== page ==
Identification of genetic variants associated with production traits in a pig F2 design

One or two decades ago, enormous efforts were put into the establishment of large resource populations for QTL mapping purposes. Especially in pigs and chickens, huge F2 designs were set up, which were phenotyped in-depth and for many traits. These designs were mostly analyzed using sparse microsatellite marker maps resulting in large QTL confidence intervals. With the advent of SNP chips and later affordable genome sequencing, some designs were revisited to obtain a higher mapping resolution, which is most promising in pooled designs. We overcame the shortcomings of previous studies by pooling four large F2 designs to produce smaller linkage disequilibrium blocks and by resequencing the founder generation at high coverage and the F1 generation at low coverage for subsequent imputation of the F2 generation to whole genome sequencing marker density. This led to the discovery of more than 32 million variants (SNPs and InDels < 50bp), 8 million of which have not been previously reported. The pooling of the four F2 designs enabled us to perform a joint genome-wide association study (GWAS), which led to the identification of numerous significantly associated variant clusters on chromosomes 1, 2, 4, 7, 17, and 18 for the growth and carcass traits average daily gain, back fat thickness, meat fat ratio, and carcass length. This study, however, did not cover the whole depth of the genomic data since they only captured SNPs and short InDels. Structural variants (SVs) have so far been widely neglected due to the obstacles in obtaining high-confidence variant calls. We profiled these variants via state-of-the-art strategies in the founder animals of the same F2 pig crosses. This led to the discovery of 13,201 high-confidence structural variants and 103,730 polymorphic tandem repeats (with a repeat length of 2-20 bp). We observed a moderate to high (r from 0.48 to 0.57) level of co-localization between SNPs or small indels and SVs or tandem repeats. In GWAS 56.56% of the significant variants were not in high LD with significantly associated SNPs and small indels identified for the same traits in the earlier study and thus presumably not tagged in the case of a standard association study. For the four growth and carcass traits investigated, many of the already proposed candidate genes were confirmed and additional ones were identified. Interestingly, a common pattern on how structural variants or tandem repeats regulate the phenotypic traits emerged. Many of the significant variants were embedded or nearby long non-coding RNAs drawing attention to their functional importance. Our current focus in this project is directed toward the characterization of traits involving muscle enzyme content and activity and their influence on relevant production traits in pigs.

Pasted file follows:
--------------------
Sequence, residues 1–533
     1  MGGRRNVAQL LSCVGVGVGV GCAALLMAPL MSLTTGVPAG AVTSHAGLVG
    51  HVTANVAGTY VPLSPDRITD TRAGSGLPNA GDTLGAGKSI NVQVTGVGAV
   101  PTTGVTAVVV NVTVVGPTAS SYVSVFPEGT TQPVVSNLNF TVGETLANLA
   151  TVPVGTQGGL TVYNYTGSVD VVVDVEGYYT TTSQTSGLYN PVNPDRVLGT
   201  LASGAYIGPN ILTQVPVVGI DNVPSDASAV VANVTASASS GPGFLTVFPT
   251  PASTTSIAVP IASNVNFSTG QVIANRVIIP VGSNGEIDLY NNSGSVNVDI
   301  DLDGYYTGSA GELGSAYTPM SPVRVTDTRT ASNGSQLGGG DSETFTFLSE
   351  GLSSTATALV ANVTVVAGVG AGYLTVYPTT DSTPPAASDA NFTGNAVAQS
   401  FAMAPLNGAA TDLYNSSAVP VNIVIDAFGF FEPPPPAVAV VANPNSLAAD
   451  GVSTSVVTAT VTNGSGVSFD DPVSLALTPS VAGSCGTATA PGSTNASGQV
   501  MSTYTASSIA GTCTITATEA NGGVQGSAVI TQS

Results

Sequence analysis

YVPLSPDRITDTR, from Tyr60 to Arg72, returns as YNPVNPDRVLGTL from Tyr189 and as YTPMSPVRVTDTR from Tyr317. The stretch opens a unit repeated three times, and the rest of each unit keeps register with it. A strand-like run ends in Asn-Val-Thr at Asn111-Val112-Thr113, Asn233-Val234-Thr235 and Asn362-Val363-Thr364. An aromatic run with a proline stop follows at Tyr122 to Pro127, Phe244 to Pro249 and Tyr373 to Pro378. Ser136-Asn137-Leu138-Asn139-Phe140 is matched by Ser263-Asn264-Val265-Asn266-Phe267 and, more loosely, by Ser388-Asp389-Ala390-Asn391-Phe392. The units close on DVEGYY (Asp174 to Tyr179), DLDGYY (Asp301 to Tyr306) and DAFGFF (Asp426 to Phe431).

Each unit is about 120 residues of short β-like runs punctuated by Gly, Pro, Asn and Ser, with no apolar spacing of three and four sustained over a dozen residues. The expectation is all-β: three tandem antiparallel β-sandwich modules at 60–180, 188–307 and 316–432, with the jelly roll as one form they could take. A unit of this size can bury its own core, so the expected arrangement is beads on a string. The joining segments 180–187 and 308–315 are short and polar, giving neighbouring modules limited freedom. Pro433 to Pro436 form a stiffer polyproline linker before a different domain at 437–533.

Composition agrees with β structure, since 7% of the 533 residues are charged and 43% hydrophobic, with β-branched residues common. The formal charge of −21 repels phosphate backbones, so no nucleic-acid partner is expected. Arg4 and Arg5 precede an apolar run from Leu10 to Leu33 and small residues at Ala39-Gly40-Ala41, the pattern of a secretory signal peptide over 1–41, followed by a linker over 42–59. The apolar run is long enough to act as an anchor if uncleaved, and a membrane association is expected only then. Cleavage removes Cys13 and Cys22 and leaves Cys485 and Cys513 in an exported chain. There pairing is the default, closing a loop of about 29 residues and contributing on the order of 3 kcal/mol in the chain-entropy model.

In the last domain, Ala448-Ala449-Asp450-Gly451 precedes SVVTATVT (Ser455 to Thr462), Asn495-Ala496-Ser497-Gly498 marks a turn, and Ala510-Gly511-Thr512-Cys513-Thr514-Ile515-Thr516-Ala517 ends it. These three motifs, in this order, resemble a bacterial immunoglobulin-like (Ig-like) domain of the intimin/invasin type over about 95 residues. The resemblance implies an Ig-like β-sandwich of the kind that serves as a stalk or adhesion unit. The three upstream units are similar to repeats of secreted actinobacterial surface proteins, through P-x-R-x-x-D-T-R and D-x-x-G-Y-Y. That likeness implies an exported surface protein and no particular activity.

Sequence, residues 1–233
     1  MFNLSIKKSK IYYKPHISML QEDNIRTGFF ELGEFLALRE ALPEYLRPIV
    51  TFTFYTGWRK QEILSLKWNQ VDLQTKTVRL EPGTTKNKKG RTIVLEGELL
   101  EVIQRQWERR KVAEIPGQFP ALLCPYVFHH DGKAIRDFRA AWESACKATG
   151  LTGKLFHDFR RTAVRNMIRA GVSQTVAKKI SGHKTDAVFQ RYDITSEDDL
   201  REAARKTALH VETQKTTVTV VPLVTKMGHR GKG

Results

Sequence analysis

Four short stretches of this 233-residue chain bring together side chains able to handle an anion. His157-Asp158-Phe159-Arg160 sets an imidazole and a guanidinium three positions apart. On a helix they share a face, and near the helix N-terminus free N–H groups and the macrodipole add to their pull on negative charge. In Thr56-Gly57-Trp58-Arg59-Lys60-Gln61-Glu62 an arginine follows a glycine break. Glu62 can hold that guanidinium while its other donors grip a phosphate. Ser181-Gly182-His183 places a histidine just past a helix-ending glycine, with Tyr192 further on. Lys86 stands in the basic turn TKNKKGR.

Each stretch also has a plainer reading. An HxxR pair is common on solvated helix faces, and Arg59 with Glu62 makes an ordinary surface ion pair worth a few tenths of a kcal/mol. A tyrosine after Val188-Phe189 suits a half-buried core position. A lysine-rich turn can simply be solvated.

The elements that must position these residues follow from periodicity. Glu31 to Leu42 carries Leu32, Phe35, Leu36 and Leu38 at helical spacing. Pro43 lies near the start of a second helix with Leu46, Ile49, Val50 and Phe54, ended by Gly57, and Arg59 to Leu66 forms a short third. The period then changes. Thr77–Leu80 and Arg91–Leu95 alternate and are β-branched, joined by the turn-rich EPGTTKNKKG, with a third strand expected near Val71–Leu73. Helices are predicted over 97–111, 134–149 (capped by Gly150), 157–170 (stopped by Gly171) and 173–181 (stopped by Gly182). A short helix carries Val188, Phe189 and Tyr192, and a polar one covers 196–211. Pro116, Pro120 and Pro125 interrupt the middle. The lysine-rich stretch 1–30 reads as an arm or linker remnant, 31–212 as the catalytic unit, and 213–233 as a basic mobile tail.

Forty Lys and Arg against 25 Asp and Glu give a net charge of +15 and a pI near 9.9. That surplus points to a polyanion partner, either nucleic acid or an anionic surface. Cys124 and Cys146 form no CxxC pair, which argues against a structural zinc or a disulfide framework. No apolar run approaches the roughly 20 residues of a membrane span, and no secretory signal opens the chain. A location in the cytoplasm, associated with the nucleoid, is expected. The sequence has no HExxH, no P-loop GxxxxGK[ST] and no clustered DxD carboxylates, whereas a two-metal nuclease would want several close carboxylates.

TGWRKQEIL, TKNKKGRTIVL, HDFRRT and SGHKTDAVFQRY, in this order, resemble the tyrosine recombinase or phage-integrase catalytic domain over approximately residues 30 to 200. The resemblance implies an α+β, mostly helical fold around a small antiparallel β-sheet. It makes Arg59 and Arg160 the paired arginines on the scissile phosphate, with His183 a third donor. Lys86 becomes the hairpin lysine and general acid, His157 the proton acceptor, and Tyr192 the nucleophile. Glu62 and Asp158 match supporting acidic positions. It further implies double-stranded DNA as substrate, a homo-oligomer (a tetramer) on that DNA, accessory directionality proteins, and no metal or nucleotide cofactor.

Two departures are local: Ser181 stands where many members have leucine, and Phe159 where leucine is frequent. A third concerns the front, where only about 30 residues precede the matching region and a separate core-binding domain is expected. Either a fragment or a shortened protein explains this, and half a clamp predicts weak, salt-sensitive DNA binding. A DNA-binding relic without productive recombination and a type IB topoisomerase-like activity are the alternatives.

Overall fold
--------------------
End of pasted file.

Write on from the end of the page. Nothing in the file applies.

Project publications